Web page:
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Written when womenÂand workers generallyÂhad few rights in England, Agnes Grey exposes the brutal inequities of the rigid class system in mid-nineteenth century Britain. Agnes comes from a respectable middle-class family, but their financial reverses have forced her to seek work as a governess. Pampered and protected at home, she is unprepared for the harsh reality of a governessâs life. At the Bloomfields and later the Murrays, she suffers under the snobbery and sadism of the selfish, self-indulgent upper-class adults and the shrieking insolence of their spoiled children. Worse, the unique social and economic position of a governessÂÂbeneathâ her employers but Âaboveâ their servantsÂcondemns her to a life of loneliness.
Less celebrated than her older sisters Charlotte and Emily, Anne Bronte was also less interested in spinning wildly symbolic, romantic tales and more determined to draw realistic images of conditions in Victorian England that need changing. While Charlotteâs Jane Eyre features a governess who eventually and improbably marries her employer, Agnes Grey deals with the actual experiences of middle-class working women, experiences Anne had herself endured during her hateful tenure as a governess.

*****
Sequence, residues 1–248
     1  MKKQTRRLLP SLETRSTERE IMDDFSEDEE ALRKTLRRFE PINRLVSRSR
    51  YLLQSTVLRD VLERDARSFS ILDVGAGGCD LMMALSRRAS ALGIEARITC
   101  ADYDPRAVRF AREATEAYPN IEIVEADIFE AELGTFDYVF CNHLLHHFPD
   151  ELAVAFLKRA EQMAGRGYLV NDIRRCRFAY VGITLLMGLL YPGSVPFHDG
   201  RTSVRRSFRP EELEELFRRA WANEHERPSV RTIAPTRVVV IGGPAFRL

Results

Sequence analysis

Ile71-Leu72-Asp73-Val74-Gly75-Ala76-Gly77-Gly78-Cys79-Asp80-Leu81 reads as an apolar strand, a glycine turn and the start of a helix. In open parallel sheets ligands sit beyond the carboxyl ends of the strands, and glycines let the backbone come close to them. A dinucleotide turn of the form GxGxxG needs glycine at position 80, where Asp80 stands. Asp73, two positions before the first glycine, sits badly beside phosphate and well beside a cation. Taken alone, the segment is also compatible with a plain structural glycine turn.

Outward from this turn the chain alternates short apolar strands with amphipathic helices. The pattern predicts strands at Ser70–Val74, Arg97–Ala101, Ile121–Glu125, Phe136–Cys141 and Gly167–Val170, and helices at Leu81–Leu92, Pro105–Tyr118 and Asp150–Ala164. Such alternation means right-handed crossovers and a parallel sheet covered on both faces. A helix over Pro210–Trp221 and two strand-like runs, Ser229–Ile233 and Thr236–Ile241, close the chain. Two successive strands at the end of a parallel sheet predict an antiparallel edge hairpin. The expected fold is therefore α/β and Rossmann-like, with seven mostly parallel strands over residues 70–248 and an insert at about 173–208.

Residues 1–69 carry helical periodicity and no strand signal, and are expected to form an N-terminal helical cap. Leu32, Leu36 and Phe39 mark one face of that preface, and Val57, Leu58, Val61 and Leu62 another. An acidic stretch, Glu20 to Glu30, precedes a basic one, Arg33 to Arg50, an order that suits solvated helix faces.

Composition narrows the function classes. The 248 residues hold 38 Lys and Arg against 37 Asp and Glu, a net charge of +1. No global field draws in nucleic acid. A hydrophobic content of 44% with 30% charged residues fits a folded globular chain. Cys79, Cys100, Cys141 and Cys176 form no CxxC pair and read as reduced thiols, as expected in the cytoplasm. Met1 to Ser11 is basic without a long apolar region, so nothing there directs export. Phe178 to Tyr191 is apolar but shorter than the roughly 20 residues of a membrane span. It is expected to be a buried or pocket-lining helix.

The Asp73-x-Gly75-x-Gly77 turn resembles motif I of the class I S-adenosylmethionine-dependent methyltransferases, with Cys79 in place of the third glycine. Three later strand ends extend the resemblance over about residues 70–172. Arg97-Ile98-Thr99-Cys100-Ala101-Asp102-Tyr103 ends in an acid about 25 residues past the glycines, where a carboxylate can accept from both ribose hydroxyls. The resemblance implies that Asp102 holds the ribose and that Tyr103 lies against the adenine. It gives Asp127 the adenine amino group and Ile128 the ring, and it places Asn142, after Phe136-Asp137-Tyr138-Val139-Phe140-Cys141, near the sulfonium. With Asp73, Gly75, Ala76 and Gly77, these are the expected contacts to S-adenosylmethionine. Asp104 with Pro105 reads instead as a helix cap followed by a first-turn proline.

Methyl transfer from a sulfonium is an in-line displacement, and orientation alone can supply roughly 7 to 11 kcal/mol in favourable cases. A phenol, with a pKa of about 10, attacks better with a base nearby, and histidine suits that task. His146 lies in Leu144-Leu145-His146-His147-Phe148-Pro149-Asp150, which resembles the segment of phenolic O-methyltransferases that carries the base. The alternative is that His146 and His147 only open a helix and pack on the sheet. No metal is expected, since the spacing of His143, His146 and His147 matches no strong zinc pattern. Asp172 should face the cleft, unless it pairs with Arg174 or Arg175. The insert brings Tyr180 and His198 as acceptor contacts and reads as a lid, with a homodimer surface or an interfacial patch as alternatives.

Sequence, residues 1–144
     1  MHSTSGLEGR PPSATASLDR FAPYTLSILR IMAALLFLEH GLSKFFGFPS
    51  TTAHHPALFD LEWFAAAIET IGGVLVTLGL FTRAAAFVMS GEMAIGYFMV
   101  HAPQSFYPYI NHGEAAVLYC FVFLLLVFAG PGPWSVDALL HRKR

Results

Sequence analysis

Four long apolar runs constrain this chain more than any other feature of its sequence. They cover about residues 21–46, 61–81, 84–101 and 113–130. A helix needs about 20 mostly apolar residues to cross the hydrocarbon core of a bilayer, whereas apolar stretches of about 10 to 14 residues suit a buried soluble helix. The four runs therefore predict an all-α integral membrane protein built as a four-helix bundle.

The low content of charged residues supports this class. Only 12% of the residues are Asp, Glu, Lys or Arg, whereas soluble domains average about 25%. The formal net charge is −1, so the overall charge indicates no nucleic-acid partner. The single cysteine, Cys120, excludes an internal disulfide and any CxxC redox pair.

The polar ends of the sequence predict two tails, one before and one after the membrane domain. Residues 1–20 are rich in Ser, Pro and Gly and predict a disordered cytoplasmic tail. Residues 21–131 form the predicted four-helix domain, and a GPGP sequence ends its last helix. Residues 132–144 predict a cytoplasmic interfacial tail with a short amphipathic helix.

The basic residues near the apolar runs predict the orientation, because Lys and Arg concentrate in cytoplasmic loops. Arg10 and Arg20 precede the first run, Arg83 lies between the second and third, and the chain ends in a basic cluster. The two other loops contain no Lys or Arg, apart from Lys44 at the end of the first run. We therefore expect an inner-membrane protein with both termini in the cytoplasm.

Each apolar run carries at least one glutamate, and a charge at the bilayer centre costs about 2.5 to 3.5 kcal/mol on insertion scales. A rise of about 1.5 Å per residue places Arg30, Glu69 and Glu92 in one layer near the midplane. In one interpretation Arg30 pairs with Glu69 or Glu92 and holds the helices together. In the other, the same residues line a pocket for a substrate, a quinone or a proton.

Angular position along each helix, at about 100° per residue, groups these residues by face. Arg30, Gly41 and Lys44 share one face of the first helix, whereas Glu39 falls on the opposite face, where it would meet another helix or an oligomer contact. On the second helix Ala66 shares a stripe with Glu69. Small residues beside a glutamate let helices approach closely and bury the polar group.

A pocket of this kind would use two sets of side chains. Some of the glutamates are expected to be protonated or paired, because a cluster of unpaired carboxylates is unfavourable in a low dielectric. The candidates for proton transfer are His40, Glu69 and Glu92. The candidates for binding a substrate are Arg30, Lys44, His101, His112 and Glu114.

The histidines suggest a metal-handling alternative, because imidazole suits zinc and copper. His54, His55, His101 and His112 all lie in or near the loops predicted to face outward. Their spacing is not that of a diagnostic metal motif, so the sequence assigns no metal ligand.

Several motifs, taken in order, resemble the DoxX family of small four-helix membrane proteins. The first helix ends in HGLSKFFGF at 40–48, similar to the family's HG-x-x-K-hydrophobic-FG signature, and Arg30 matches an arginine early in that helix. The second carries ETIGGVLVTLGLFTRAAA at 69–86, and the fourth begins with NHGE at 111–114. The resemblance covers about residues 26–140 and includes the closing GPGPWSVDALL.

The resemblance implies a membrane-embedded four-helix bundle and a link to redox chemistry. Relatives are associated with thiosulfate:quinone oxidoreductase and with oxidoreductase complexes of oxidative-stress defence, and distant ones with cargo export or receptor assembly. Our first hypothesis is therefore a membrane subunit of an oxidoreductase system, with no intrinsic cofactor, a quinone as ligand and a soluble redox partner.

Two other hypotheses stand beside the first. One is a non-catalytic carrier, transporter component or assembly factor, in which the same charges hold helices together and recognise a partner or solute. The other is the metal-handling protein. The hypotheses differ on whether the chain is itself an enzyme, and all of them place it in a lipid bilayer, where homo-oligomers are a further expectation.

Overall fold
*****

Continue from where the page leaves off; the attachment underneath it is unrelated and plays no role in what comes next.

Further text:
Fred Schwarzbach serves as Associate Dean and teaches in the General Studies Program of New York University. He is the author of Dickens and the City, the editor of Victorian Artists and the City and Dickensâs American Notes, a contributor to the Oxford Readerâs Companion to Dickens, and the author of scores of articles, essays, and reviews on Victorian life and letters.
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